The coronavirus pandemic, which shattered supply chains and forced automotive manufacturers to close their plants for weeks, caused passenger car production in Germany to tank in the first five months of 2020.
Now sluggish demand and slow recovery in global markets is likely to puts tens of thousands of job in the sector at risk in Germany.
According to the German Automotive Industry Association, only 1.18 million cars were produced between January and May this year, a drop of 44%, or nearly a million vehicles from the same period in 2019.
The last time German car production numbers hit such a low was in 1976. Ferdinand Dudenhöffer, director of the Center for Automotive Research in Germany, says his “rather optimistic forecast” shows a decline in car production in Germany by 26% to 3.4 million for 2020.
Dudenhöffer, who also heads the Institute for Customer Insight at the University of St Gallen does expect production to pick up in the second half of the year, “largely driven by better exports to China and the United States.”
“However, the export markets of Europe, Africa and South America, where more than half of German car production has been exported in recent years, will remain extremely difficult.”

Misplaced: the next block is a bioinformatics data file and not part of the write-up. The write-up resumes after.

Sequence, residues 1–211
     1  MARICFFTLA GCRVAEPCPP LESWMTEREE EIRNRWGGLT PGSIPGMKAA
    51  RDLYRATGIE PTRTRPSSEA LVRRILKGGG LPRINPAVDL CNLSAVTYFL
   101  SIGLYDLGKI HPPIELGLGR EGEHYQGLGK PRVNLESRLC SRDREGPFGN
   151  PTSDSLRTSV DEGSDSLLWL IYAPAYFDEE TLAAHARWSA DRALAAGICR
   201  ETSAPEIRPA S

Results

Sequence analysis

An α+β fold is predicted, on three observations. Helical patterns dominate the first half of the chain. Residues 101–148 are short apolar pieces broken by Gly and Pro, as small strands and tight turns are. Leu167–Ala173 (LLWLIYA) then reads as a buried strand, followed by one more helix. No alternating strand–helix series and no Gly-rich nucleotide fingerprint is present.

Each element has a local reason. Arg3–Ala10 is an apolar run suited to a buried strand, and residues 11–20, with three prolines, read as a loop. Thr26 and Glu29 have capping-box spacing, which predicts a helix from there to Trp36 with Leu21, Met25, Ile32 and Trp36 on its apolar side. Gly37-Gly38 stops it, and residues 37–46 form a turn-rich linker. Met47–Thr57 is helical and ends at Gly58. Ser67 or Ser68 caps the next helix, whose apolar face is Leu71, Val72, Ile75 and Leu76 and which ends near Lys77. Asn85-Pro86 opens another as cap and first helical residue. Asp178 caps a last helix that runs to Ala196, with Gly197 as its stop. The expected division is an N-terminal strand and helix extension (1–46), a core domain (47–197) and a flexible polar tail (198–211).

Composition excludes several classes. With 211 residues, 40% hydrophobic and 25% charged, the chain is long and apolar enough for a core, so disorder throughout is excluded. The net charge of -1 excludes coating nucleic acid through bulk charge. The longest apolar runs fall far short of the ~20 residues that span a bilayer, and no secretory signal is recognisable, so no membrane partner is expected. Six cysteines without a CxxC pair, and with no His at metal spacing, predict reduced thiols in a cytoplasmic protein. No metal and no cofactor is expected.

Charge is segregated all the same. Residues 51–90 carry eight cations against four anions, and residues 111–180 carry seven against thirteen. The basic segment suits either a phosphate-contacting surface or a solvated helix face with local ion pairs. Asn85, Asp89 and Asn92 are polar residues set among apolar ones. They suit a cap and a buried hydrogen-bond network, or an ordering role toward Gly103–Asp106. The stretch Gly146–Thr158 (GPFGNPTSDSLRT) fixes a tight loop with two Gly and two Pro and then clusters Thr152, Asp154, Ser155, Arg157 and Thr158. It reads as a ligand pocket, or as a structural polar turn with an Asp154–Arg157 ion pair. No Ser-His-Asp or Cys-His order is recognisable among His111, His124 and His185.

The automotive expert predicts that the production levels will remain stunted, as key markets won’t recover for several years — and this could mean the loss of 100,000 jobs in the automotive and supplier industries over the next three-to-four years.
“Since the car market in Europe will also be very difficult in the next few years, it must be assumed that most of these jobs won’t be filled in the future,” Dudenhöffer told Yahoo Finance UK. “An important reason is the relocation of production facilities to Asia and Eastern Europe due to better cost conditions, and in Asia due to the significantly growing market.”
He is critical of the German government’s recent stimulus package for automotive industry, which employs around 800,000 people.
Earlier this month the coalition government in Berlin decided against a cash-for-clunkers programme to stimulate sales, agreeing instead to increase buyer subsidies for clean energy cars, but not for internal-combustion engine vehicles.
“The market for electric vehicles, which is heavily subsidised, is a niche market with at most 10% of the overall market,” Dudenhöffer notes.
“Liquidity support and prolonged short-time work schemes are measures that delay death but do not bring the solution,” he said. “The solution is consumers who buy products that can be produced today.”
“With the so-called stimulus package, we are only falling deeper into the crisis, because debt will increase without stimulus.”